I don’t think I can beat the list of last week’s accomplishments so I won’t even try (but being the type-A entrepreneur that I am, I know I will soon enough).

I worked all Labor Day weekend finishing up the requirements so I could deliver them to the development team, which I did on Monday night. The document is 188 pages long and I’m sure it will take them a couple of days to absorb it all. In the meantime we’re working hard to design mockups to illustrate some of Grouvia’s more complicated features.

We’re continuing to get signups on the Grouvia site, even though I paused the AdWords campaign over the Labor Day weekend. I’m not sure where they’re coming from, but the signups continue to trickle in, at a rate of 1 or 2 a day.

Getting the word out about Grouvia is proving to be a challenge. I Facebook and Twitter every day, I comment on other blogs, I go to networking groups, I keep up with the LinkedIn discussions, I blog twice a week, I do the Google AdWords thing, we got some good media coverage, but the signups are a slow trickle.

I know you’re out there, future Grouvia users! How do I reach you???

The urgent goal now is to get an early alpha release up and running ASAP, get people to start playing with it, then solicit feedback. I’m not sure I agree with my developers’ prioritized list of deliverables; I know they want to do it the way that is most efficient from a system design and coding perspective, but I have to look at the business side.

For example, to me it makes the most sense to approach it like this:

  1. Start with as many of the member features as possible (early alpha),
  2. Build the group site features (alpha),
  3. Add events and group management features (beta).

We can do the mobile device support, advertising, and Grouvia Admin CMS stuff right the end, right before the 1.0 launch. What do you think?

The test is: Can we get that first iteration out by the end of this month? I hope so, and I may need to negotiate with them to get what I want.

I can be very tenacious when I want something… just ask my Mother. But I do think this approach makes the most sense from a business perspective.

* * *
Do you enjoy reading these posts? Why not sign-up to receive Grouvia’s e-newsletter? You’ll get the latest news delivered to your inbox and you can participate in the Grouvia development process. It’s free. Sign up at http://grouvia.com.

Release 0.01 – Four Things Grouvia Just Did

We had four really big accomplishments this past week.

1. Grouvia Has a New Development Team

Yup, I pulled the trigger. I hired what I thought was the best development team of the bunch and now I can’t look back. I have to trust that I did the right thing and plunge onwards. I did choose a company from India, in a small industrial town near Utter Pradesh. The company’s name is “SmartData Enterprises” and I found them on oDesk.com. I had also invited a handful of firms via guru.com, but I do like the oDesk development features better. I won’t write about those details here, you can check out the sites if you’re interested. (And if you’re doing that don’t forget to look at elance.com as well.)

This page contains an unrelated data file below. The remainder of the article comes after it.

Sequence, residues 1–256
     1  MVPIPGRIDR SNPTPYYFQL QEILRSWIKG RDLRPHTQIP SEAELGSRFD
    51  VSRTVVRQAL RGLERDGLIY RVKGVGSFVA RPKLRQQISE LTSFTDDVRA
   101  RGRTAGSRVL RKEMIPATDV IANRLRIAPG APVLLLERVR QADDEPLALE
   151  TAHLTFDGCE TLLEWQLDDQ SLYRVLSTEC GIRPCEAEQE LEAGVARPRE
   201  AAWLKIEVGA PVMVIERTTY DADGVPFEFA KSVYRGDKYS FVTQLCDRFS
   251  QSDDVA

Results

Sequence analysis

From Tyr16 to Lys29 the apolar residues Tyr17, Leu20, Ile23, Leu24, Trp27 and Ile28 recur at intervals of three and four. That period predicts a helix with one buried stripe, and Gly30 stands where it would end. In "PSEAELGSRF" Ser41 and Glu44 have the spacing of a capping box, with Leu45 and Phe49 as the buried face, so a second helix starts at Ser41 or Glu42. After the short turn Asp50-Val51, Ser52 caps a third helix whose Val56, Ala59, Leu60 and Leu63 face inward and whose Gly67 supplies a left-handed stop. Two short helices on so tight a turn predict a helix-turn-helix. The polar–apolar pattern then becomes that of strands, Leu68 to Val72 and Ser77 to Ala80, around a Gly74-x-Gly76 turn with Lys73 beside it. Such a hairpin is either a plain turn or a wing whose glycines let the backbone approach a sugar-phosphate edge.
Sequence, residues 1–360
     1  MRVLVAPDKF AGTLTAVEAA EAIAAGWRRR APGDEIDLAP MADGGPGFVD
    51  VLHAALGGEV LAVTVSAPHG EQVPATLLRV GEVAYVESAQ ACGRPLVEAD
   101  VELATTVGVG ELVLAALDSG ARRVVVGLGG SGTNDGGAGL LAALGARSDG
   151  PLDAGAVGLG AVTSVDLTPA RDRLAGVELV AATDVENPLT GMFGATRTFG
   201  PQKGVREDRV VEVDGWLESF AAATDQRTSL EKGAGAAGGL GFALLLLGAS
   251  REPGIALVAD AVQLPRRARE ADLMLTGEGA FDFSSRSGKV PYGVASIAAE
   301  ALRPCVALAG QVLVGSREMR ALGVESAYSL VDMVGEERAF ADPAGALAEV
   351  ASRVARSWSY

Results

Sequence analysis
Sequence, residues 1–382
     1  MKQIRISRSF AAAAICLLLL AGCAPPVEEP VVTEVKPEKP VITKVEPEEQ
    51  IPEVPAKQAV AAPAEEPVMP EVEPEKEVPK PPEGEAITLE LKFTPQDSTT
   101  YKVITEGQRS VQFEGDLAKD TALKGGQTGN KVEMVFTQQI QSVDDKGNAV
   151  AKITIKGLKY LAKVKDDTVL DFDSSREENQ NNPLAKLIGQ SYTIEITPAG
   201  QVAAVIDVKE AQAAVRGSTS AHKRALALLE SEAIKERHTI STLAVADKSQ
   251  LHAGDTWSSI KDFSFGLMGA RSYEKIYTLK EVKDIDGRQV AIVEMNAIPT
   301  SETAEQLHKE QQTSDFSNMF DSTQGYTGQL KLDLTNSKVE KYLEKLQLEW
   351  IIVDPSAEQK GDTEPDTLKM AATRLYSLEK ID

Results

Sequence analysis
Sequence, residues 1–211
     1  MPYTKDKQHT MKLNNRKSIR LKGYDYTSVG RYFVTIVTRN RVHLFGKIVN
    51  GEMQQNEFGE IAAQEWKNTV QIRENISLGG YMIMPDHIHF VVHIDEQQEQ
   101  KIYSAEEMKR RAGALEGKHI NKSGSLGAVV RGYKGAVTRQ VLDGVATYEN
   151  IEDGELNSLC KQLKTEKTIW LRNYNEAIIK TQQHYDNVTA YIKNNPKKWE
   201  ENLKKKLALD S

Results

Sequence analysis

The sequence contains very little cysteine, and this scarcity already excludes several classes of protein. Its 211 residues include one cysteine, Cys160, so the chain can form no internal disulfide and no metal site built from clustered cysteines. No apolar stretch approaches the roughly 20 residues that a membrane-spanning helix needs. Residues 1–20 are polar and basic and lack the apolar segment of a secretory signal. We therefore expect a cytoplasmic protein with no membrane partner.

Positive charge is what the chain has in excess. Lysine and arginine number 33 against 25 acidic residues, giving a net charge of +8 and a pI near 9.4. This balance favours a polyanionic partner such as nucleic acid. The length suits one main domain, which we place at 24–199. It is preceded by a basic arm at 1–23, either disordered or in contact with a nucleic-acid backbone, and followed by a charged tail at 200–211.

Hopefully we will sign the contract this week, so I can engage the developers and walk through the requirements with them. The functional requirements are very good, but they’re not super-tight. I could tweak these requirements until kingdom come and still not be happy with them. So now that the train is on the tracks and moving out of the station, I have little time to dicker around with the documentation, and hope the developers will ask the right questions to get it done the way I envision it.

There is something very satisfying as well as terrifying about this. It’s satisfying because we are taking a major step forward (and I’m a big believer in getting things done quickly). It’s terrifying, well… just being in business for yourself can be terrifying so it comes with the territory.

2. Got the Public Web Site (Mostly) Up and Running
This is not a big deal really, but it was time consuming. Fortunately I have HTML/CSS skills and was able to code it myself. Could I have used my time better? Sure, but I also could be $500 poorer if I got someone else to do it, besides not being certain it would be good code and then not having time or inclination to go fix it. At least now I know it’s good, and I practically did it in my sleep.

Having the web site up allowed me to get the next two items accomplished as well…

3. The Users Are Starting to Gather ‘Round
Another cool thing I did this week was to create a Google AdWords campaign. I developed three different ad groups for different personas: 1) Outdoors Types with an existing club; 2) people who are looking for tips on How to Start a Club; and 3) people who just want a new Club Web Site for Free. (The links go to the different landing pages.)

After four days of watching results, my ads in the #2 group are outpacing the others by a mile. Funny thing is I have no idea why. My “Entrepreneur Magazine’s Ultimate Guide to Google AdWords” book states that you should do “split testing” where you always have two ads up at the same time. Whichever one doesn’t do well gets dropped, then you replace the dropped one with a new one and repeat the process over and over. It sounds a little tedious but I can now see why they say that – because you have no idea what people will respond to, you can only guess and test. I am now a believer in the importance of testing your advertising.

Another thing that’s interesting in all this is the signups. We have received 13 signups so far and need to figure out if that’s a good conversion rate or not. Here are the early numbers:

  • 5,210 Impressions
  • 211 Click-Throughs
  • 13 Signups

That’s an overall CTR (Click Through Rate) of 4.05% and a Conversion rate of 6.2%. That doesn’t sound too bad, does it? The bill so far is about $64 so it’s costing about $5 per signup. It doesn’t sound so great when you put it that way. It’s actually not even that good because I know some of the signups did not come from the ads. On the other hand, I also know that the CTR is getting better as I continue to tweak the ads. For example the current best performing ad is averaging a respectable CTR of 4.59%. What this tells me is that I need to improve my conversions by re-writing my landing pages. Test and tweak.

4. Grouvia Issued its First Press Release and Got Its First Article
Last week, we issued a press release announcing the pre-release alpha site. We also reached out to a number of reporters to start to develop relationships as we move forward. Bill Freehling, a reporter at the Fredericksburg Free Lance-Star, liked the story and contacted me. He even wrote an article, which was in Tuesday’s edition of the paper and can be seen on the paper’s web site at fredericksburg.com.

There are signup numbers associated with the press release and the article, but I’ll report on those next week.

I said it was a busy week, didn’t I? And that doesn’t even cover the 349 other little things I was working on.

Happy Labor Day!

* * *